On July 1, 2022, the Ontario Government enacted new regulations opening the door for significant growth in the use of rooftop solar as a means for providing energy to buildings, including for large industrial warehouse and commercial applications. Net metering – an existing program enabling owners to trade renewable energy produced on-site with the grid to offset their consumption – has now been expanded to allow third-party entities to own and operate renewable energy generation assets.
Until recently, energy regulations assumed that the property owner was also the renewable energy provider. For example, if the owner wished to install a rooftop solar array to produce renewable energy on-site, the cost and management of these systems was their responsibility. Under the new regulations, a third-party can undertake these activities on the owner’s behalf.
For context, net metering essentially enables the grid to be used like a giant battery. During sunny periods when panels produce more electricity than needed, excess electricity is sent into the grid. On the other hand, during periods of low energy production, such as at night, energy can be pulled from the grid to meet demands. Net metering ultimately enables the use of solar panels to meet a building’s energy needs year-round, without the requirement of additional batteries and storage capacity.
Under the new third-party net metering regulations, property owners unlock significant flexibility to support their transition to renewable energy, including options to lease, rent, or finance the equipment.
An emerging leading delivery model is referred to as energy-as-a-service (or, utility model). Under this arrangement, a third-party energy developer invests in the solar system, connects to the grid under a net-metering arrangement, and supplies power to the building under a direct energy agreement with the owner (often referred to as a Power Purchase Agreement, or PPA).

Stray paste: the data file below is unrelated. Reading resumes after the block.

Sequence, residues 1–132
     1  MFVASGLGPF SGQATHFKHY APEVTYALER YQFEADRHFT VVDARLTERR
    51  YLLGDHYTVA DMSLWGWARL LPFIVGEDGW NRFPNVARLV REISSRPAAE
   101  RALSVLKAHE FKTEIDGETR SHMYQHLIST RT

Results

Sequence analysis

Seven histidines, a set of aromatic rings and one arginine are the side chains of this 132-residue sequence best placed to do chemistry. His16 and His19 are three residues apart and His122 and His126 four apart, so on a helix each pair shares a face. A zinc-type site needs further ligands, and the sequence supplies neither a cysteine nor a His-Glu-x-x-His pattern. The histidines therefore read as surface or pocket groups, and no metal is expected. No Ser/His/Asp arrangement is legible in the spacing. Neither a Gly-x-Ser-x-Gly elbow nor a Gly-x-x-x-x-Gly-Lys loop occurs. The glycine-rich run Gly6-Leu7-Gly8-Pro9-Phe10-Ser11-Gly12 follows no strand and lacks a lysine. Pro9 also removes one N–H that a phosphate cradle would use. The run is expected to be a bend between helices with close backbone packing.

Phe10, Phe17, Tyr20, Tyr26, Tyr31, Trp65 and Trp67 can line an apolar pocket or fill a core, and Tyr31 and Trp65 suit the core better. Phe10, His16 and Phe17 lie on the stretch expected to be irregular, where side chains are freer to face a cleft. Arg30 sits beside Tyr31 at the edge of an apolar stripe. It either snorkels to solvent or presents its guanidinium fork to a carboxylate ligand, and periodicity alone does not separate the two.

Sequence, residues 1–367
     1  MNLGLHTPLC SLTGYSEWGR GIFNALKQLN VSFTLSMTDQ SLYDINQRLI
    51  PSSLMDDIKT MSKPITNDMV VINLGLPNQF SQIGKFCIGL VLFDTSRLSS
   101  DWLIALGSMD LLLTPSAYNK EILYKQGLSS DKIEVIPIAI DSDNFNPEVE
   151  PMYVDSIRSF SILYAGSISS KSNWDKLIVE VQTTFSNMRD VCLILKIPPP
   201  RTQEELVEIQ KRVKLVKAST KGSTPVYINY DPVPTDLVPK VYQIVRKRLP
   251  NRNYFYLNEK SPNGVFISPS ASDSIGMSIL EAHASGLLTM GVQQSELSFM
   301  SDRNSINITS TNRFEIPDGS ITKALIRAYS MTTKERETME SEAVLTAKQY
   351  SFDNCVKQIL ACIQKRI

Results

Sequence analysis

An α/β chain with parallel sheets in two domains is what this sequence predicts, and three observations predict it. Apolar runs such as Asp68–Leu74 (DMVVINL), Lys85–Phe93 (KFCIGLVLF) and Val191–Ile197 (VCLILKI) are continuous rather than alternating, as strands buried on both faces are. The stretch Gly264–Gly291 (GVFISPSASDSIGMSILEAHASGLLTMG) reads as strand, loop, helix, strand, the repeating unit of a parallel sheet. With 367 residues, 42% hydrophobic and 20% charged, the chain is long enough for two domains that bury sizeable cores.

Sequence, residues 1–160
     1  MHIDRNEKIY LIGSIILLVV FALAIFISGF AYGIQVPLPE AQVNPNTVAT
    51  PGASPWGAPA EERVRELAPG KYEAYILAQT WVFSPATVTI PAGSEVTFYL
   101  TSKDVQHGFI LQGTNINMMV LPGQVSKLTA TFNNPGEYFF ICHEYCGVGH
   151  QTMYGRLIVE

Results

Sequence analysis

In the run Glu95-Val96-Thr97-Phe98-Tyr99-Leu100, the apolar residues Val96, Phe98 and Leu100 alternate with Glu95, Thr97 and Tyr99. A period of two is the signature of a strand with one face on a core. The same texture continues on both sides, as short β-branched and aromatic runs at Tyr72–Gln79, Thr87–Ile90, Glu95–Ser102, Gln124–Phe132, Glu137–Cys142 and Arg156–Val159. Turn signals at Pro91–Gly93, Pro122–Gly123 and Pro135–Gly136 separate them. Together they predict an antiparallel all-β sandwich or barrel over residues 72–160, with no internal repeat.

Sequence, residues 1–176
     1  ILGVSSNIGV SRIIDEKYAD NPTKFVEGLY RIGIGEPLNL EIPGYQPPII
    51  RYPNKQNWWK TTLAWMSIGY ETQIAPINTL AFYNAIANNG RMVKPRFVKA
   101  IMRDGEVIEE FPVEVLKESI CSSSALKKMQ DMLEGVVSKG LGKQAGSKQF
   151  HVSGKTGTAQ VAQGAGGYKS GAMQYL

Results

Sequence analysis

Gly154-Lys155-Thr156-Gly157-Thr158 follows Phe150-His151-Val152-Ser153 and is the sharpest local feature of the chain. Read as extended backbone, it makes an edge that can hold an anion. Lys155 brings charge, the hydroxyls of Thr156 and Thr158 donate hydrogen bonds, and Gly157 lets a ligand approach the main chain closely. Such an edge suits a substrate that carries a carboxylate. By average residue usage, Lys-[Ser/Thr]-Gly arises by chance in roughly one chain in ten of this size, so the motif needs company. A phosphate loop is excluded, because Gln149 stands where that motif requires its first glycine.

The owner benefits from avoiding the capital cost of these systems, while retaining an experienced third-party renewable energy developer to deliver the system on their behalf. Critically, the PPA is between the building owner and the renewable energy developer. It is privately negotiated and structured to reduce operational energy costs and increase price certainty for the owner over the term of the agreement, as compared to simply connecting to grid rates.
Rooftop solar implemented under a third-party net metering framework can be implemented on new buildings, as well as existing buildings. It can work on all sizes of buildings, up to and including 1.0 million sf+ industrial warehouse and distribution centres.
Third-party net metering is a gamechanger. It has never been easier for owners to reap the benefits of green energy, while simultaneously improving their bottom lines. If you are interested in differentiating your organization as a leader in sustainability, our team at Springbank Energy would be pleased to assist. We are passionate about the energy transition and supporting the real-estate industry’s journey to net-zero.